Three Heart Farm is an 80-acre organic operation producing organic free-range chicken eggs, hay, heirloom garlic, apples and honey. The farm has been operating since 2006 and was also organic during the preceding five years. Since 2006, organic weed control techniques have been utilized with hand weeding and mowing. Natural grasses and clover are encouraged to reseed.
Chicory has grown in Lawrence County, South Dakota since at least the late 1800’s. Originally grown by European immigrants, chicory seeds were transported across the prairie for landscaping and homemade chicory root coffee. Today, chicory is a cash crop in other areas of the country and the root is ground for human consumption in coffee, cereals, and nutrition bars.
From 2001 – 2018, Lawrence County, SD experienced nine years of extreme drought or below-normal precipitation. Chicory is drought tolerant with a deep tap root. In 2019, chicory was placed on the Lawrence County, South Dakota, noxious weeds list. In the valley where Three Heart Farm sits, the weed board’s concern is that the broad leaf plant is not native to the area and competes with other forages. Listed as a noxious weed prohibits the sale of hay containing seeded chicory. Other neighboring farms have annually applied post emergence herbicides which have been ineffective.
Three Heart Farm is an organic setting where alternative sustainable organic methods can be researched as positive alternatives to continuous ineffective herbicide applications. Using a variety of organic weed control strategies, this project will demonstrate the most advantageous option(s) to sustaining the integrity of the prairie while meeting the state requirements of preventing noxious weeds from seeding.
- Apply and evaluate Integrated Weed Management practices to control chicory via methods that are readilyachievable by small agriculture producers who do not want to apply herbicide to their land.
- Three Heart Farm remains committed to long-term sustainable organic farming practices while complying with the state laws regarding the control of county noxious weeds.
- Three Heart Farm will mow test plots at specific intervals and photograph/document chicory within each test plot.
- Three Heart Farm will monitor the clover test plot and hand pull chicory growth for second year comparisons
- Three Heart Farm will seed specific test plots with grass/clover/alfalfa to analyze the new growth and how it influences the growth of chicory.
- Document livestock and free-range chicken foraging effects on chicory and the surrounding area.
- The findings will be shared through social media and the education of agri-tourist guests.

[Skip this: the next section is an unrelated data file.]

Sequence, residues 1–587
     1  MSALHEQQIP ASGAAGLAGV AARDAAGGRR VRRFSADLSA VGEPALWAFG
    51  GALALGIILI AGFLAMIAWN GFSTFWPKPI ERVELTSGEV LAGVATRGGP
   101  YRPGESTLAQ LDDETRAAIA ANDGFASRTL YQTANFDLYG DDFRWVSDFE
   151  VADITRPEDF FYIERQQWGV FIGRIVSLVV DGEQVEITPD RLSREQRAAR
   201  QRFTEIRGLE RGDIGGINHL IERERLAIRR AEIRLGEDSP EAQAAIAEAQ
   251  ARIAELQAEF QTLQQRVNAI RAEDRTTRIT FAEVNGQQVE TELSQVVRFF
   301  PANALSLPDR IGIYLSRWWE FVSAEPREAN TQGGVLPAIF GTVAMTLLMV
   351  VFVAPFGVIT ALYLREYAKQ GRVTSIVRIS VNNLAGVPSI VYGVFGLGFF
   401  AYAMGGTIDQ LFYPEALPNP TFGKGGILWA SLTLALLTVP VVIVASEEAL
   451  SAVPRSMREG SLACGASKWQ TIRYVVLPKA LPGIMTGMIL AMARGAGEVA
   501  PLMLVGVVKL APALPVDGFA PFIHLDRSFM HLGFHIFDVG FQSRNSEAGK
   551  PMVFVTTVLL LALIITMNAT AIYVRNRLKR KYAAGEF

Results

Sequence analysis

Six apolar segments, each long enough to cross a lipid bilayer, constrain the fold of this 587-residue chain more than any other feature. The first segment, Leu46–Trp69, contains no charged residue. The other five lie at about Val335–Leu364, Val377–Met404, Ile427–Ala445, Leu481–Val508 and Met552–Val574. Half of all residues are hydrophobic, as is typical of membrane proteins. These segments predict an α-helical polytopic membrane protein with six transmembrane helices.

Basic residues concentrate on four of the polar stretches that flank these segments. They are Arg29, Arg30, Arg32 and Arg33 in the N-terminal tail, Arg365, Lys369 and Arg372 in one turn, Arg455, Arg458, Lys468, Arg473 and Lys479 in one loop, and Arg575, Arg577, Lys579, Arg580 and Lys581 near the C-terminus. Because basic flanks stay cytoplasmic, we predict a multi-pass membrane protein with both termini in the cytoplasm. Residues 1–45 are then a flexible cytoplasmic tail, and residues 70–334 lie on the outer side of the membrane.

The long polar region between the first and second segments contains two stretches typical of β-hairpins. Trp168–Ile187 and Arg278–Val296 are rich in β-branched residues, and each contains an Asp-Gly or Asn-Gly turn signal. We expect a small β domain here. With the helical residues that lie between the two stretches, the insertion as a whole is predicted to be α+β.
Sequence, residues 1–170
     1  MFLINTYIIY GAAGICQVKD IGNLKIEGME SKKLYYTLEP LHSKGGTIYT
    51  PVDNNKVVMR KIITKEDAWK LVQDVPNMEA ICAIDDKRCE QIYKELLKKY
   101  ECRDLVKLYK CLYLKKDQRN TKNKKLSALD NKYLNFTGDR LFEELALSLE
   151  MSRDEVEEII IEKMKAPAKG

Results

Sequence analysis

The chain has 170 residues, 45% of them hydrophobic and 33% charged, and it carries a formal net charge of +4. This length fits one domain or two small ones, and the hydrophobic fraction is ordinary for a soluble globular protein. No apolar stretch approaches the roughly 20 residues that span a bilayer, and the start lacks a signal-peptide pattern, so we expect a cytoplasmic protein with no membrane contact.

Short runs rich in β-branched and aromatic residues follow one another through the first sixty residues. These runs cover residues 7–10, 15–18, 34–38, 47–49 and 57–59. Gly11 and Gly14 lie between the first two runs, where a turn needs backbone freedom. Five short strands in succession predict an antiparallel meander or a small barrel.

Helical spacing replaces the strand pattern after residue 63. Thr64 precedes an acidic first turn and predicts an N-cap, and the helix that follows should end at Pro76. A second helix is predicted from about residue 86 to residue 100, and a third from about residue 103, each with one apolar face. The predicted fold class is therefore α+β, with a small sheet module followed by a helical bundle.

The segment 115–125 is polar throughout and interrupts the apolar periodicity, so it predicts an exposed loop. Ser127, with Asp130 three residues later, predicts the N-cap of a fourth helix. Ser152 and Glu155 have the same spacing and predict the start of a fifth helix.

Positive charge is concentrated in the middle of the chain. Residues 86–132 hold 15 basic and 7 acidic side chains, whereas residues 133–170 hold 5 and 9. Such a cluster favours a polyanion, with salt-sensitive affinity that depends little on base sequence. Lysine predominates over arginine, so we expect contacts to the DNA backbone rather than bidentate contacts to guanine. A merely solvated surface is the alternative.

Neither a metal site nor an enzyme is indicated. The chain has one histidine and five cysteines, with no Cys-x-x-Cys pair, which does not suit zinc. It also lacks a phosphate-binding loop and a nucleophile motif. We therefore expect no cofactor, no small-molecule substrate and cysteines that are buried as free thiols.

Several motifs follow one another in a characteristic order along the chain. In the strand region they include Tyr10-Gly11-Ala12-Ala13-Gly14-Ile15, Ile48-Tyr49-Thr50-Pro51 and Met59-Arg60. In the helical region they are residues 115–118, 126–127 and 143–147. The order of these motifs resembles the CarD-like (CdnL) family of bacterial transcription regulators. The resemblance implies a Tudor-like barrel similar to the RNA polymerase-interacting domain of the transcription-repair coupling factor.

Chicory is a two year plant with one long taproot. The plant spreads via seed, so the ultimate goal of the project is to control seed production. Specific mowing and native grass seeding practices were performed in 2019 and will continue for 2020 to compare results for more effective and efficient control of chicory. In 2019, 8 plots were identified. Each plot was flagged and then cut at different heights and intervals throughout the summer. The cutting ranged from monthly to weekly. Additionally, in late 2019, sections were no-till seeded with native prairie grasses. We used Millborn Seed Economy Dryland Pasture Mix, consisting of 25% each Pubescent Wheatgrass, Intermediate Wheatgrass, and Crested Wheatgrass. Additionally, the blend contains 15% Smooth Brome and 10% Forage Perennial Ryegrass. Since chicory is a biennial plant, the results will be most definitive as time progresses. The strongest lesson learned from 2019 is that the plots which were cut frequently and at low levels did not kill the chicory plant and a negative side effect was prairie grasses being weakened by frequent cutting.
Using the map below, you can see that 2 additional plots were identified during the season. Initial plans included cutting with sickle at following heights and intervals:
Plot 1- cut at 8” every 2 weeks beginning 16 June
Plot 2- cut at 8” every 4 weeks beginning 16 June
Plot 3- cut at 4” every 2 weeks beginning 16 June
Plot 4- cut at 4” every 2 weeks beginning 16 June
Plot 5- cut at 8”, two times during season, starting just before first flower, did not rake
Plot 6- cut at 4”, two times during season, starting just before first flower, did not rake
Plot 7- cut at 8”, one time during season, starting just before first flower
Plot 8- cut at 4”, one time during season, starting just before first flower
Plot 9- dense growth of wild clover, pulled chicory by hand one time during season. This took approximately 8 labor hours (4 persons x 2 hours).
Plot 10- Cut once in these draws, shortly after first flower. Did not rake.
Educational & Outreach Activities
Created and maintained social media page where project goals, methods, and outcomes are communicated and shared publicly.
1. When frequently cut, throughout the season, chicory adapts by flowering at progressively lower stalk heights. The cutting resulted in fewer flowers per plant but did not seem to deplete energy reserves (the root) during the first year of the project.
Adaptation for 2020: Adapt cutting heights to highest possible to prevent flowers from maturing while maintaining minimal impact on native and sowed grasses. Explore and refine optimal cutting periods and heights.
2. Chicory does not like to compete with other tap-root plants. This year, areas of dense clover thrived, preventing all but a few chicory from emerging within these plots.
Adaptation for 2020: Avoid cutting areas of dense, native clover growth. Hand-weed within these plots as needed.
3. Chicory does not like to grow in thick cover. Test-plots where native grass was sickle-cut but not raked kept chicory from growing until late in the season.
Adaptation for 2020: Identify test plots to continue cutting and not raking. Identify potential areas not needed for hay production for the same.